1485: William de La Marck, the Wild Boar of the Ardennes

Add comment June 18th, 2020 Headsman

On this date in 1485, the German warrior William de La Marck was beheaded at Maastricht.

“There is, moreover, in the land, a nobleman of good descent, and fame in warlike affairs, but otherwise, so to speak, Lapis offensionis et petra scandali — and a stumbling block of offence to the countries of Burgundy and Flanders. His name is William de la Marck.”

“Called William with the Beard,” said the young Scot, “or the Wild Boar of Ardennes?”

“And rightly so called, my son,” said the Prior, “because he is as the wild boar of the forest, which treadeth down with his hoofs and rendeth with his tusks. And he hath formed to himself a band of more than a thousand men, all, like himself, contemners of civil and ecclesiastical authority, and holds himself independent of the Duke of Burgundy, and maintains himself and his followers by rapine and wrong, wrought without distinction upon churchmen and laymen.”

Sir Walter Scott, Quentin Durward. The boar is a major antagonist in this novel, but Scott has him killed, ahistorically, in melee.

Le Sanglier des ArdennesThe Wild Boar of the Ardennes, so christened for his resemblance to that ferocious beast; “he affected to delight in this surname, and endeavoured to deserve it by the unvarying cruelty and ferocity of his life” — tusked his way onto history’s stage in the power vacuum following the collapse of Burgundy as an independent power.

Among other effects, Burgundy’s fall greatly widened the local autonomy of the city of Liege, in present-day Belgium — a city that Burgundy in its recent heyday had violently brought to heel.

And not merely the city, but the entire Prince-Bishopric of Liege.

A tasty truffle for the snuffling, to porcine eyes.

In 1482, the Wild Boar assassinated the sitting Prince-Bishop of Liege, Louis de Bourbon. It’s a scene captured in dark melodrama by Executed Today‘s court painter Eugene Delacroix.

He intended by this stroke to set up his son Jean de La Marck as the Prince-Bishop. Instead he kicked off a civil war and in lieu of the mitre he obtained a payoff from the Prince-Bishopric as Liege turned to resisting the inroads of the Austrian Empire. The Boar now allying with Liege in this endeavor, he was ingloriously ambushed by imperial forces and brought in for butchering.

On this day..

Entry Filed under: 15th Century,Arts and Literature,Beheaded,Belgium,Capital Punishment,Death Penalty,Execution,Habsburg Realm,History,Netherlands,Nobility,Power,Public Executions,Soldiers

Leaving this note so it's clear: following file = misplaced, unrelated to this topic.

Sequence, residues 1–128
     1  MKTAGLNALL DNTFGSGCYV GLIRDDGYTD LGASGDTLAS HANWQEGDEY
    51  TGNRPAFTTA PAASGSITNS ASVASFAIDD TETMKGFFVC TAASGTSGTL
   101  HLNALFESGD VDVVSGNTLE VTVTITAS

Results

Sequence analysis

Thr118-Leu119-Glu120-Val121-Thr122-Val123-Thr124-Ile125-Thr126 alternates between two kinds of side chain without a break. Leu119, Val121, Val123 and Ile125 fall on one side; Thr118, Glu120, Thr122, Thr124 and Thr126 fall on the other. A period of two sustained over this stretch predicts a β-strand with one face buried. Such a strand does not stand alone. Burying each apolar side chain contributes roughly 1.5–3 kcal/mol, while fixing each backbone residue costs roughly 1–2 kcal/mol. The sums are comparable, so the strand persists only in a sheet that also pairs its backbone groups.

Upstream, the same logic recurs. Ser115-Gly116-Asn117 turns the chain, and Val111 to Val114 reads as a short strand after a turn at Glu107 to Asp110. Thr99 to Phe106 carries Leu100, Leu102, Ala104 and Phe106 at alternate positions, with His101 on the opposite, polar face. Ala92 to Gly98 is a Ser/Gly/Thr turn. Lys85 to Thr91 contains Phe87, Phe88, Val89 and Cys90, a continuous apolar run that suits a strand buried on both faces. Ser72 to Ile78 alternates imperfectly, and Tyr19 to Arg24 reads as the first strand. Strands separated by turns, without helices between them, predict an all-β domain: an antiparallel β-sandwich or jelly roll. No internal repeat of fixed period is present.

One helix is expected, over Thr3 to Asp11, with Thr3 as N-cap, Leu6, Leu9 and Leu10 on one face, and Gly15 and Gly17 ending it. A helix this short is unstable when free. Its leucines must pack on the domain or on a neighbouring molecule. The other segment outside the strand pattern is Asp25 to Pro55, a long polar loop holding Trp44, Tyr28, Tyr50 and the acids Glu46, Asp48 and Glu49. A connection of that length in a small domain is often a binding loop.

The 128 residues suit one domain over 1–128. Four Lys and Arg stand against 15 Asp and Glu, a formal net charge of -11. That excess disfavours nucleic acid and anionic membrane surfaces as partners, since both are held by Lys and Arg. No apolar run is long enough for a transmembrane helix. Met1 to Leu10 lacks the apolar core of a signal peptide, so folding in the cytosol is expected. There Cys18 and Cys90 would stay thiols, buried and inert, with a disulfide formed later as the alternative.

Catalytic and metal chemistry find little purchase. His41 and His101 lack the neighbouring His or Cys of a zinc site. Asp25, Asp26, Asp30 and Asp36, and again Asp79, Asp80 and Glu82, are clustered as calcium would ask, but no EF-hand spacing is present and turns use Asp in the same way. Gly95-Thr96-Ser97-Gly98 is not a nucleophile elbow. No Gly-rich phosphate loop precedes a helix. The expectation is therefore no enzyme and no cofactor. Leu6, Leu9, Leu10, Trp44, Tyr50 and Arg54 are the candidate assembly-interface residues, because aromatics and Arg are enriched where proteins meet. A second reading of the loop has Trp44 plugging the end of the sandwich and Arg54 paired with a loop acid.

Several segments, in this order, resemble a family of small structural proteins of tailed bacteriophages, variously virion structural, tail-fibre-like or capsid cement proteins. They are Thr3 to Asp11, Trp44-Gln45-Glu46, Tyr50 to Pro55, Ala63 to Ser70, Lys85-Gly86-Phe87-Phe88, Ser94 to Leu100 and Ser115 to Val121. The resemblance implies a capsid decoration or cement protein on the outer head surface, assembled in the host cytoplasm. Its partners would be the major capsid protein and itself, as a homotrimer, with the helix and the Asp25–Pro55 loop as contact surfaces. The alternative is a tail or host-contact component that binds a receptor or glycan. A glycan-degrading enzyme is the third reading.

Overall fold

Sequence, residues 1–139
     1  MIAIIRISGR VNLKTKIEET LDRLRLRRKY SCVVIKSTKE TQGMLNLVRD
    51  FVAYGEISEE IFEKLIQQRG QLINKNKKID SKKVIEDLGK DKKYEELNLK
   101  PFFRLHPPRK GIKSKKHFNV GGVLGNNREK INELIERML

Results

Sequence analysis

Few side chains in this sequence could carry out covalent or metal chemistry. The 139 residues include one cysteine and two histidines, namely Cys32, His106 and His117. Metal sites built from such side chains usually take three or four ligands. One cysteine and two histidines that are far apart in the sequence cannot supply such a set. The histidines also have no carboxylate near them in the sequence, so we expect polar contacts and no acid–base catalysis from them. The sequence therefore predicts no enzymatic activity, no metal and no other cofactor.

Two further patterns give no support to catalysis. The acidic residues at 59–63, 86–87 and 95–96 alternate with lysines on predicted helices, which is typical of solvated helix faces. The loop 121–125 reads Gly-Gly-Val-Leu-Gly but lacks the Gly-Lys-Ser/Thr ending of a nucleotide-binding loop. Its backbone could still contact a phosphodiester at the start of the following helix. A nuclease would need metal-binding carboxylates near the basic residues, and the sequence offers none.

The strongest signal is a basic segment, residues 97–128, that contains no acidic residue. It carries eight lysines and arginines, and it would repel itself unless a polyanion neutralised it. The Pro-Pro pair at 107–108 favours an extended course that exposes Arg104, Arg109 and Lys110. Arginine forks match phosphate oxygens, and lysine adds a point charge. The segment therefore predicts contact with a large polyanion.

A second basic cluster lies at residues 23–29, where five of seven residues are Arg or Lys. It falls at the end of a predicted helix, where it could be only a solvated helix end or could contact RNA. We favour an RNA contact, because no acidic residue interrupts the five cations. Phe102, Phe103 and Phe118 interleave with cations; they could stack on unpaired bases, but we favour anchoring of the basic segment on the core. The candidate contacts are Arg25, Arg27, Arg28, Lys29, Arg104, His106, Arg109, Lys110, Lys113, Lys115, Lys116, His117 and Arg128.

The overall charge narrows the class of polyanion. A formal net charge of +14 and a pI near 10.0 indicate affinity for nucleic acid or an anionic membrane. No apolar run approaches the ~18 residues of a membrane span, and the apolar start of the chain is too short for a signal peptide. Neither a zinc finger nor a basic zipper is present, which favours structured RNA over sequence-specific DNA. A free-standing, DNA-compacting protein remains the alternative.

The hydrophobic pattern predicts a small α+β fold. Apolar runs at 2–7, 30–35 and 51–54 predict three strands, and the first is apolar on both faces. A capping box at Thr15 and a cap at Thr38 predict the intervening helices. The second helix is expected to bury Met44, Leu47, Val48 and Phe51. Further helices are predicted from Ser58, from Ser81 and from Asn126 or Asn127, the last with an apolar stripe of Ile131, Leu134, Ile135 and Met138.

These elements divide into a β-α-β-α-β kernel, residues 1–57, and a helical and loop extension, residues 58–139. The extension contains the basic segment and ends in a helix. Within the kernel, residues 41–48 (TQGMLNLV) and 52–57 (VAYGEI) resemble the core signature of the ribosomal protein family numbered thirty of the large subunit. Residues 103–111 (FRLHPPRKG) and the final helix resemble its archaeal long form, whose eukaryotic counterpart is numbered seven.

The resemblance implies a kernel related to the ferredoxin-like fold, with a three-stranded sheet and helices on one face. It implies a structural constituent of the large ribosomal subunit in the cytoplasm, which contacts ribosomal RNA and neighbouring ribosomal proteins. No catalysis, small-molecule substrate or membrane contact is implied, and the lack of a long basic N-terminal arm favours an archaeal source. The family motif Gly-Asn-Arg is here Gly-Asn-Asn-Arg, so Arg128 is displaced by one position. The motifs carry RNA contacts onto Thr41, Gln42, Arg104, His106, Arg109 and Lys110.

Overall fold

Tags: , , , , , , , ,

1355: Marino Faliero, Doge of Venice

4 comments April 17th, 2009 Headsman

On this date in 1355, Marino Faliero* was escorted to the spot where he had been crowned Doge of Venice scant months before. There, he was ceremoniously relieved of his robes of state … and then his head.


The Execution of Marino Faliero, by Eugene Delacroix (1827).

Some fog surrounds the day’s proceedings, product not only of time but of the Doge’s executioners’ damnatio memoriae upon their victim. What was written was circumspect; even Faliero‘s portrait in the great hall of the Doge’s Palace was veiled.

What is known — or at any rate, was admitted by the elderly first citizen — is that the ruler attempted a coup against the overweening power of Venice’s great families.

The putsch was supposed to occur on April 15, with the bell of St. Mark’s Cathedral tolling on a fabricated hue and cry. In the tumult, the Doge’s supporters meant to cut down the nobles who flexed the real political muscle in the maritime republic and consolidate ducal power.

Why?

The salacious version has the old goat in a tiff with a noble, who made fun of his May-December marriage —

Marino Faliero of the beautiful wife,
Others enjoy her while he maintains her

A tribunal of fellow-nobles let the rascal off with a slap on the wrist.

Power being what it is, and princes and nobilities being born for conflict with one another across the centuries in Europe, one may as well discern a straightforward political intent — heightened, perhaps, by the then-dire state of Venice’s naval contest with Genoa.

Downright Byronic under either scenario … and Byron wrote a play about Faliero. The doomed ruler gives throat to quite a magnificent curse upon his city, with all the foresight of Byron’s half-millennium of hindsight:

I perish, but not unavenged; far ages
Float up from the abyss of time to be,
And show these eyes, before they close, the doom
Of this proud city, and I leave my curse
On her and hers for ever! —

          — She shall be bought
And sold, and be an appanage to those
Who shall despise her! — She shall stoop to be
A province for an empire, petty town
In lieu of capital, with slaves for senates,
Beggars for nobles, panders for a people!

Amidst thy many murders, think of mine!
Thou den of drunkards with the blood of princes!
Gehenna of the waters! thou sea Sodom!
Thus I devote thee to the infernal gods!
Thee and thy serpent seed!
[Here the Doge turns, and addresses the executioner.]
          Slave, do thine office!
Strike as I struck the foe! Strike as I would
Have struck those tyrants! Strike deep as my curse!
Strike — and but once!

This sort of thing knocking about among litterateurs in the 19th century practically guarantees an opera.

* Or simply “Marin Falier”, in the Venetian dialect.

On this day..

Entry Filed under: 14th Century,Arts and Literature,Beheaded,Capital Punishment,Death Penalty,Execution,Heads of State,History,Infamous,Italy,Nobility,Politicians,Power,Public Executions,Scandal,Soldiers,Treason,Venice

Tags: , , , , , , , , , , , ,


Calendar

August 2020
M T W T F S S
« Jul    
 12
3456789
10111213141516
17181920212223
24252627282930
31  

Archives

Categories

Execution Playing Cards

Exclusively available on this site: our one-of-a-kind custom playing card deck.

Every card features a historical execution from England, France, Germany, or Russia!